The president has made a commitment to U.S. Rep. Kristi Noem that her bill requiring online sellers to collect sales taxes will be passed into law this year, Noem said Wednesday in Rapid City.
Meanwhile, one of Noem’s opponents in this year’s gubernatorial race, fellow Republican and Attorney General Marty Jackley, is seeking a U.S. Supreme Court decision that would achieve the same goal.
Whichever candidate succeeds first could receive credit for helping to capture millions of dollars in lost revenue for the state and for city governments. But if either or both fail, they could suffer blame for failing to deliver.
Noem, R-S.D., said she received a commitment from President Donald Trump during a recent meeting at the White House. She said the meeting also included Vice President Mike Pence, Treasury Secretary Steven Mnuchin and White House staffers Rick Dearborn and Marc Short.
“They all committed to me that we were going to get my bill passed in ’18 here,” Noem said. “I told them that I would remind them of that daily.”
Noem’s comments came during a meeting with about a dozen community leaders at Black Hills Bagels, one of two gatherings she organized in Rapid City to talk about the tax-reform legislation that she recently helped pass into law.
The focus during the Black Hills Bagels meeting turned to sales taxes when newly appointed state Rep. Michael Diedrich, R-Rapid City, asked Noem what she is doing at the federal level to help collect sales taxes from online retailers.
South Dakota depends on sales taxes to fund much of its budget for state government. But as sales have migrated from local stores to the internet, some online sellers who are based outside of the state have refused to collect sales taxes. The exact amount of the revenue lost annually by the state and cities is unknown, but Gov. Dennis Daugaard mentioned one estimate of $50 million last month during his budget address to legislators.
Legislators passed and Daugaard signed a law in 2016 that would require online sellers to collect sales tax, and litigation ensued with online retailers Wayfair Inc., Overstock.com and Newegg Inc. The state of South Dakota has asked the U.S. Supreme Court to consider the case.
Noem said Wednesday that she hopes to pass her bill, H.R. 2193, the Remote Transactions Parity Act, before the Supreme Court decides whether to intervene.
“If that gets taken up by the Supreme Court, we could be in a situation where people will say, ‘Well, we shouldn’t act on this while the Supreme Court’s deciding,’ and that does put us months into delay,” Noem said.
Jackley is representing the state in the court case. Like Noem, he was in Rapid City on Wednesday, where he met with local law enforcement officials and the media at the Public Safety Building to talk about his package of bills for the 2018 legislative session.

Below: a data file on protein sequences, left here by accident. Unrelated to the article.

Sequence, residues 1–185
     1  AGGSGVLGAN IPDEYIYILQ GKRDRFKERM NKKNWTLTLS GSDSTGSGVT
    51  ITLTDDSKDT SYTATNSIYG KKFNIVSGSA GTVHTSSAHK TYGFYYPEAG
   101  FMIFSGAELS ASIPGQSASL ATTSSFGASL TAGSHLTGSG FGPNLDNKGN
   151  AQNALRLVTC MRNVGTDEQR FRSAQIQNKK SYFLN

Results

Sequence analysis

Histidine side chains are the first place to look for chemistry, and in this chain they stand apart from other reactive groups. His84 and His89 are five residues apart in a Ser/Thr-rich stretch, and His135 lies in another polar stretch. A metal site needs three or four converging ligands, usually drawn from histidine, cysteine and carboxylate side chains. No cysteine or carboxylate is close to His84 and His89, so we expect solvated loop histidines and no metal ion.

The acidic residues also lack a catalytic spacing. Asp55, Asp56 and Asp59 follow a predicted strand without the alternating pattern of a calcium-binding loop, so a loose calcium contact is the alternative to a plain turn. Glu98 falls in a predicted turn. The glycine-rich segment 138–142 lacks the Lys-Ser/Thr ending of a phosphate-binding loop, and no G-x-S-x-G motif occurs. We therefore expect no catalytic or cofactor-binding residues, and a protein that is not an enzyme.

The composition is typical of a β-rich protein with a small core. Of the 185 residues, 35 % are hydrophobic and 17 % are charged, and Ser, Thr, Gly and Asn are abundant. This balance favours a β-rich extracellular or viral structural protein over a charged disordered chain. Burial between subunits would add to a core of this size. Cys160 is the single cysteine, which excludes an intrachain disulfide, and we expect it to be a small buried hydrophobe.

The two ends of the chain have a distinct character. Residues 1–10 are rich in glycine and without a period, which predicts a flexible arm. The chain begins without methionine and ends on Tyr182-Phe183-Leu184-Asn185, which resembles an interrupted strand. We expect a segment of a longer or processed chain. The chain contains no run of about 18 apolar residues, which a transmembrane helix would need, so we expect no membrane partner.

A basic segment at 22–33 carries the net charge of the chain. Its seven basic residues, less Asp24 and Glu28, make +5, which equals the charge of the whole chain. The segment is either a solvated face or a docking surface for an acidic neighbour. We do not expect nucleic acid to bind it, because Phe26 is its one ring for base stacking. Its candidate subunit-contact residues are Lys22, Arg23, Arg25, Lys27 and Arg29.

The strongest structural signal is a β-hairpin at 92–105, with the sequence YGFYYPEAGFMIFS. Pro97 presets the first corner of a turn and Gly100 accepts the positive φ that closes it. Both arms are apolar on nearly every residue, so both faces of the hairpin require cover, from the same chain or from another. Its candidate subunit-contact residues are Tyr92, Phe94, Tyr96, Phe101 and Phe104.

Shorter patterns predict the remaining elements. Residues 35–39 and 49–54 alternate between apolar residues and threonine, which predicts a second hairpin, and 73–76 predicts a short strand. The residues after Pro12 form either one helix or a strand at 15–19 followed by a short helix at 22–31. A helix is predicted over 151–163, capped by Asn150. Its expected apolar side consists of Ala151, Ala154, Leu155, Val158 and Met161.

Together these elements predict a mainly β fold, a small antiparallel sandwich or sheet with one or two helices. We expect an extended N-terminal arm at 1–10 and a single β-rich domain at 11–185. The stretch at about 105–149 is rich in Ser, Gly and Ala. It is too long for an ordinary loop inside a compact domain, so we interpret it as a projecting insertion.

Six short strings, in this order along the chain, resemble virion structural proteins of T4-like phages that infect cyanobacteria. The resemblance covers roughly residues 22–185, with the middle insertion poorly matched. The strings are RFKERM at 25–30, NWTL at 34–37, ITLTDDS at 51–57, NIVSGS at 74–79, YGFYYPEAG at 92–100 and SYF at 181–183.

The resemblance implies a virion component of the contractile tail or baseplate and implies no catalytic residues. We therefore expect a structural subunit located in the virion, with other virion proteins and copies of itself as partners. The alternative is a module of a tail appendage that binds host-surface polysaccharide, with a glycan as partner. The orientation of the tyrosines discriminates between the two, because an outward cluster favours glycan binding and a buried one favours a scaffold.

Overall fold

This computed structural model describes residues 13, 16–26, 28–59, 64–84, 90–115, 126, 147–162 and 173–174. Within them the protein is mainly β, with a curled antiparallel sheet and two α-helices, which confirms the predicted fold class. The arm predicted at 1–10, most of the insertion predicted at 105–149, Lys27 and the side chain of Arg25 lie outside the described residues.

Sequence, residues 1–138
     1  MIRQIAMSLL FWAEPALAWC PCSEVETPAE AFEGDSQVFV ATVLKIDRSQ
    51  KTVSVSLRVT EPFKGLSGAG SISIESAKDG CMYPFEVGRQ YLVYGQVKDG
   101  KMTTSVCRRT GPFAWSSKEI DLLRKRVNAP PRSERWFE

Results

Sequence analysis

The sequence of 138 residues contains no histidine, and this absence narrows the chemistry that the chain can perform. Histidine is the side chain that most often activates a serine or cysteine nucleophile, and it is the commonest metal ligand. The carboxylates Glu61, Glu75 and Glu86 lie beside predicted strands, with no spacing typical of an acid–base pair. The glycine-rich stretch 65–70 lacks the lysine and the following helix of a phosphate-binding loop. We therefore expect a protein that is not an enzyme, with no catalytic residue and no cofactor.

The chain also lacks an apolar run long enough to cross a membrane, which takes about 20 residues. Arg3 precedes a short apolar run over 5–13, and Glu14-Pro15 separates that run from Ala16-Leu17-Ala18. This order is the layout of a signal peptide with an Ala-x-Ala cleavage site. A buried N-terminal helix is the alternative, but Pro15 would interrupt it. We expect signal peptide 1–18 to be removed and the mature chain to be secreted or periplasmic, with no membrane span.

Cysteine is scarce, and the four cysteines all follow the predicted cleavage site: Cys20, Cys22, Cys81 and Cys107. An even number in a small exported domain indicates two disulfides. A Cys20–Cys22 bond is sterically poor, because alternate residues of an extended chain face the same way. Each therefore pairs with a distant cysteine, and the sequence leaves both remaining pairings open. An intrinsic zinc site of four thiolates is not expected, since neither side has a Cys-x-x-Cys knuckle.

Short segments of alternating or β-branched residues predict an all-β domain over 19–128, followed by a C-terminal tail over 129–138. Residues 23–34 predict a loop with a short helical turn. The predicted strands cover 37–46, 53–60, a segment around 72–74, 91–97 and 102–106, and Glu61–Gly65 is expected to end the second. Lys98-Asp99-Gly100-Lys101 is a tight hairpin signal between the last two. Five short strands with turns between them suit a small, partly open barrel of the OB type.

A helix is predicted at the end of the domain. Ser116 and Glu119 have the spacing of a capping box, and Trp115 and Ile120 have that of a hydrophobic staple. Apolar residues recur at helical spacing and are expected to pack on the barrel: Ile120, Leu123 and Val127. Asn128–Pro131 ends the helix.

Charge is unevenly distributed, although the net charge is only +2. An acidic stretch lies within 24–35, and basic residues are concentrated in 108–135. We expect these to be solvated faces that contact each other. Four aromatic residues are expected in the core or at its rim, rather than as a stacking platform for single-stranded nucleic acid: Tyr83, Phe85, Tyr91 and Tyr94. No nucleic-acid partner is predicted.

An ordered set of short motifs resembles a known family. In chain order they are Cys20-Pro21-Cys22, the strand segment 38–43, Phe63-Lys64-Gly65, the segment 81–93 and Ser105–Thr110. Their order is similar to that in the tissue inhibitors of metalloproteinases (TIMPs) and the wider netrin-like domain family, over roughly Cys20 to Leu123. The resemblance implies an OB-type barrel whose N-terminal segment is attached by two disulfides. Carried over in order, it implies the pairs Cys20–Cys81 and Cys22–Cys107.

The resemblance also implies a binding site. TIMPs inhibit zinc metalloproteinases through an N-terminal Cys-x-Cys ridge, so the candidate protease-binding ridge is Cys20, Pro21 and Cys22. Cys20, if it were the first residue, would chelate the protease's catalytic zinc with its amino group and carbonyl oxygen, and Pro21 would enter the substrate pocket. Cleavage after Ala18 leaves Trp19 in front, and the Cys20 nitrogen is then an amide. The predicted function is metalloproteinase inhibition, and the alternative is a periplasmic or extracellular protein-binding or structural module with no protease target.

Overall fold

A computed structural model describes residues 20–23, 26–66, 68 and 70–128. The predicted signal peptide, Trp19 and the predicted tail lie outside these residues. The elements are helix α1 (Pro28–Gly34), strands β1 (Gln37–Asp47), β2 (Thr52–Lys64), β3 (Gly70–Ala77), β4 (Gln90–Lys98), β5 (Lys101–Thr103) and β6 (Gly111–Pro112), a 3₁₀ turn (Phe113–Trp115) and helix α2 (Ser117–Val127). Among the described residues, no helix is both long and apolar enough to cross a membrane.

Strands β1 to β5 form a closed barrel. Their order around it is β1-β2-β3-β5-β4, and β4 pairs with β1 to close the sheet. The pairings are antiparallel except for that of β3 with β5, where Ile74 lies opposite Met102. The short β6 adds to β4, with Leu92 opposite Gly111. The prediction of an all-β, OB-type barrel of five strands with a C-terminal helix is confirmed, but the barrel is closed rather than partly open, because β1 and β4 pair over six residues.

In a Journal interview, Jackley said Congress could have resolved the sales-tax issue with legislation anytime since at least 1992, when a U.S. Supreme Court decision stymied North Dakota’s attempt to collect sales tax from an out-of-state retailer. Jackley said he welcomes Noem’s effort to solve the problem legislatively, even as he attempts to solve it in the courts.
“I am supportive of that,” Jackley said of the legislation, “but again, I recognize that they’ve been talking about this since 1992, and we would need something to actually pass.”
Jackley also noted that Noem signed a legal brief, along with one other U.S. representative and four U.S. senators, that was submitted in November in support of the state’s petition to the Supreme Court.
Gov. Dennis Daugaard, who is term-limited after this year, is supportive of any solution that would require out-of-state online sellers to collect sales taxes. That’s according to Tony Venhuizen, the governor’s chief of staff, who spoke to the Journal by phone Wednesday.
“The governor just wants to see this fixed,” Venhuizen said. “If Congress is able to fix this, that would be great, and if the Supreme Court takes action to fix this, that would be great.”
Jackley said he could know as soon as next week whether the Supreme Court will take up the sales-tax court case. If the court accepts the case, Jackley said, he would hope to argue the case in April and receive a decision before the court’s summer break.
Noem said her bill has been blocked so far by Rep. Bob Goodlatte, R-Va., who has not allowed the bill to pass out of the House Judiciary Committee that he chairs. Noem said she is considering “nuclear options,” such as a maneuver known as a discharge petition, to force the bill onto the House floor.
“I think with the president’s help and the vice president’s help, we won’t have to utilize that, but that’s always on the table,” Noem said, “and I’ve informed all of my leadership and the White House that those are all options I’m looking at.”